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2 Pro Atacama Desert Chile-more images

Dale D

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As I sit here editing my videos and images to prepare my assets folder for a video, I always like to find a few to submit to the forum. Here are a few images from the Atacama Desert, Chile, all shot with the M2P and edited in Adobe Photoshop, with the great help of the new masking tool. I cannot emphasize enough, the great addition this is to Photoshop. I can isolate and edit any single part of my image.

The white material you see is not snow, but salt.

Click on image to enlarge. Comments always welcomed.

Dale
Miami

Atacama with salt wash at sunset-drone.jpgAtacama-sunset and shadows.jpgAtacama-Valley of the Moon-sunset-shadows.jpgHigh ridges-Atacama-Valley-of-the-Moon.jpgNyara-Rocky backdrop-drone view.jpgNyaraMountainBackdrop-drone view.jpg
 
Did you self drive? I see a 4x4 in the photo.
NO WAY! Under no circumstances would I advise anyone, no matter how good a driver or navigator, to drive either in the town of San Pedro de Atacama (where all the hotels are) or the roads here. I have traveled to over 100 countries and have driven in most of them, even on the other side of the road as in South Africa or New Zealand, or UK. Here there are absolutely NO road signs and practically no internet, Google maps, etc. outside of town. Believe me, I tried my Google maps and had the ATT International Calling Plan with the same data as I have in Miami. I could not get routes, internet, etc. The town has no road signs. The desert would be a disaster since even the turn offs for the sights is not marked in most cases.

Besides that, there is the history, geology, finding the petroglyphs (rock carvings), finings the sites in the desert. Get a good guide, or better still, stay at one of the premium lodges in the world where you will have wonderful guides, great meals, and a room with a view. If you are spending all that money to fly to Santiago, and then onwards to Calama and then another 50 miles to San Pedro de Atacama, you really should do it right.

Dale
Miami
 
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You could use maps.me app to download an offline map. I use this even at the remotes parts of the world. GPS capable and no cell data required.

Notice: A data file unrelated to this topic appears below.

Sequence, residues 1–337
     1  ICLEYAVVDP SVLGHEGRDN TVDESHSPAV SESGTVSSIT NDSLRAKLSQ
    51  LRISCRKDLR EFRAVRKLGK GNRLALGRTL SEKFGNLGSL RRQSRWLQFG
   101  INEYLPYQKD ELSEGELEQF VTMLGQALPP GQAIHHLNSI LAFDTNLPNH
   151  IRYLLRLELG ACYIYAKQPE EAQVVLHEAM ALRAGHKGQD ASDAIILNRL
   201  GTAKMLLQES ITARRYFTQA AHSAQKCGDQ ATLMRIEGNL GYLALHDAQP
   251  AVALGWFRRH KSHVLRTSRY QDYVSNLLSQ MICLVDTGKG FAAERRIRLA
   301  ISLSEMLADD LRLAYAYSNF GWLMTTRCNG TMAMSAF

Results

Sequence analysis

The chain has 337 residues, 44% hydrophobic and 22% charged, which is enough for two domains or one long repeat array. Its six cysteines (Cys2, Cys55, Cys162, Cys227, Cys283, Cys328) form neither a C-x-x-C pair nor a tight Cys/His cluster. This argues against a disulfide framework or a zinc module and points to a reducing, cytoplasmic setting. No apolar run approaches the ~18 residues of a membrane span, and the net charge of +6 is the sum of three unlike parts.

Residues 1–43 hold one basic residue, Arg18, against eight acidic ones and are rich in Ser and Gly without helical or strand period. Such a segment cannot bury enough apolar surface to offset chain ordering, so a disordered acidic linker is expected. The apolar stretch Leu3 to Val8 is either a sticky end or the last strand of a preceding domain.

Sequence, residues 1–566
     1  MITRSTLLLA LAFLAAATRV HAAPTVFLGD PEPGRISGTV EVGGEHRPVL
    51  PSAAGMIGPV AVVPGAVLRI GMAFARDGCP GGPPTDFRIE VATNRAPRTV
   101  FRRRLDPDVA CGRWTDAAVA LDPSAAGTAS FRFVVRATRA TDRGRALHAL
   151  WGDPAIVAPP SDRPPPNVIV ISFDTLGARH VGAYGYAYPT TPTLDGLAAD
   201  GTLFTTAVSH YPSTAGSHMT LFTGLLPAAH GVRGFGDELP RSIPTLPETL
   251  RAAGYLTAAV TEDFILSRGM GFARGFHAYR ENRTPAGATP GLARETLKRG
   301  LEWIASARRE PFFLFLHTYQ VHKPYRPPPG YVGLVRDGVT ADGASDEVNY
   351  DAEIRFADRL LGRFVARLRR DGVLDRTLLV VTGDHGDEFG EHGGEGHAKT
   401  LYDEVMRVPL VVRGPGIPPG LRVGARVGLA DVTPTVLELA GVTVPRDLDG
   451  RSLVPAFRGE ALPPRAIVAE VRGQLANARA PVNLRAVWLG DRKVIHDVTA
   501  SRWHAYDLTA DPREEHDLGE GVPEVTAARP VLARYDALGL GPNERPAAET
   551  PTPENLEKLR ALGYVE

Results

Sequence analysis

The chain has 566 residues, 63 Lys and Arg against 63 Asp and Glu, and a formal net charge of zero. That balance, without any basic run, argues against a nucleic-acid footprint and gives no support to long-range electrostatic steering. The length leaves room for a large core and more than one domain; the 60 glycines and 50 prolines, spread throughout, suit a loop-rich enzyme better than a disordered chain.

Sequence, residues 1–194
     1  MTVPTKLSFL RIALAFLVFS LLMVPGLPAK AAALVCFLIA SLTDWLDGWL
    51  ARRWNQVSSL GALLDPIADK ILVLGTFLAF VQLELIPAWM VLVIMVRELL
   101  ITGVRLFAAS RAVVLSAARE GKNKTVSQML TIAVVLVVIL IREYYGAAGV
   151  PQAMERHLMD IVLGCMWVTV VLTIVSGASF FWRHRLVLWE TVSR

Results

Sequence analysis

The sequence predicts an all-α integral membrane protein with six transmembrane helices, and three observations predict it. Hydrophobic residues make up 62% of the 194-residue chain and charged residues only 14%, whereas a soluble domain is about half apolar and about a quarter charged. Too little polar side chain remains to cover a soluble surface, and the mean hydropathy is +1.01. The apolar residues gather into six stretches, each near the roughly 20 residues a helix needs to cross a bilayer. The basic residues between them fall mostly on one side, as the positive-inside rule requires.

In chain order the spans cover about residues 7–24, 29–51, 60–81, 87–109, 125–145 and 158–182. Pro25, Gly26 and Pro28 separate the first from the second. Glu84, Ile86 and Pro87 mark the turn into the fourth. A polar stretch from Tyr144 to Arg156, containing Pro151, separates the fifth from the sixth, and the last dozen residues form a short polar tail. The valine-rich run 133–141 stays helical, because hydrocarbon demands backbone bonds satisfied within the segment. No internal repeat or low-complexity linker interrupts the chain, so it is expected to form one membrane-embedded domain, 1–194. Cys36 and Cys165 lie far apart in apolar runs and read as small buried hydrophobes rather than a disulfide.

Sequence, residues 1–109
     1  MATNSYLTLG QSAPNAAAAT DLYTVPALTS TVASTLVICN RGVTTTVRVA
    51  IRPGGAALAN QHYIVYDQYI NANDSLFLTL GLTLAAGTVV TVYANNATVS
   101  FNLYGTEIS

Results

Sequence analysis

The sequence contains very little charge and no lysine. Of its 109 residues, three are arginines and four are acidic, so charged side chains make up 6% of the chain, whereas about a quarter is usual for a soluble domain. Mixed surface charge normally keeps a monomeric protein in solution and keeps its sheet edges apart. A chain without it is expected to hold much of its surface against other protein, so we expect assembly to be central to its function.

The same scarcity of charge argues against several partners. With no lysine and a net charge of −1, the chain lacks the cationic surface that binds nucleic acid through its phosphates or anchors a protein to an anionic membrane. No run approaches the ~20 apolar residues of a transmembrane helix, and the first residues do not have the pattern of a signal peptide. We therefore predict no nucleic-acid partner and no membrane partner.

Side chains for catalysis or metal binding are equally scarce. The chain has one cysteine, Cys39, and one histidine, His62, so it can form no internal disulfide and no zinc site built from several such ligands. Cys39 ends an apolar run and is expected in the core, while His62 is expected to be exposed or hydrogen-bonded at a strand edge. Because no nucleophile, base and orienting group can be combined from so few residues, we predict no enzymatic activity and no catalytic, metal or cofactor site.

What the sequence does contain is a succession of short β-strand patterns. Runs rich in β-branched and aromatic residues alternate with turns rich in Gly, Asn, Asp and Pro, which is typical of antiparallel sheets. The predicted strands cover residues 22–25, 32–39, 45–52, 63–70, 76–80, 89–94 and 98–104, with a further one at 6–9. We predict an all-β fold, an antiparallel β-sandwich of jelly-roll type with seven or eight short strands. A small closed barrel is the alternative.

FF417E93-A746-4580-8F2E-A064D4B8301D.png
 
MPone:

Regardless of the availability of a map, the turn offs from the main road out of town. (San Pedro) are unmarked. After the first turn off (to the left), there were numerous additional turn offs, no a single one marked. You are on a desert gravel road with nothing in sight except scenery. If you get into the various canyons, it becomes even more discombubulating. If you return at night (which we did for astrophotography) it is pitch black when you shoot at the new (no) moon, which we also did. The desert is dark, cold, and very difficult to navigate at night. Coming back to the hotel in pitch black (except for headlights) was a bit scary for me.

I strongly recommend a guide, both for learning about the stuff you are seeing, and taking you to the right places. The guides know these areas like the palms of their hand. You would be foolhardy to try to save money on a guide service. Guides were included with our Explora Package, but I would imagine you could hire one for $100 USD a night, which is what I did for the astrophotography.

Will be happy to answer anything else on a conversation so as not to bore everyone else around the world.

Dale
Miami
 
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Dale I always read all your comments my friend. Those desert photos are simply amazing! Just getting shots from the ground is not good enough. I'd have to get the bird up in the air. I'd definitely pay the guide a lil extra to let me fly in the remote areas.

Those images truly look amazing. If it weren't for the blue sky, I'd think it was Mars.
 
Dale I always read all your comments my friend. Those desert photos are simply amazing! Just getting shots from the ground is not good enough. I'd have to get the bird up in the air. I'd definitely pay the guide a lil extra to let me fly in the remote areas.

Those images truly look amazing. If it weren't for the blue sky, I'd think it was Mars.
So, it turns out that the guide loved drones and actually, he brought along his own mini 2 to fly with me that night before the sun set. We started out about 6 PM at the golden hour, caught the shadows crossing the landscape, then waited for dark skies which took until about 12 midnight. For that, I paid him $100 USD which I had promised him if he too me, plus a $40.00 tip. Believe me, there is no way I could have gotten out there, or back in the total blackness of night with unmarked roads and curves.

If I had listened to the Chilean government I would never have had the opportunity to fly there.

Dale
 
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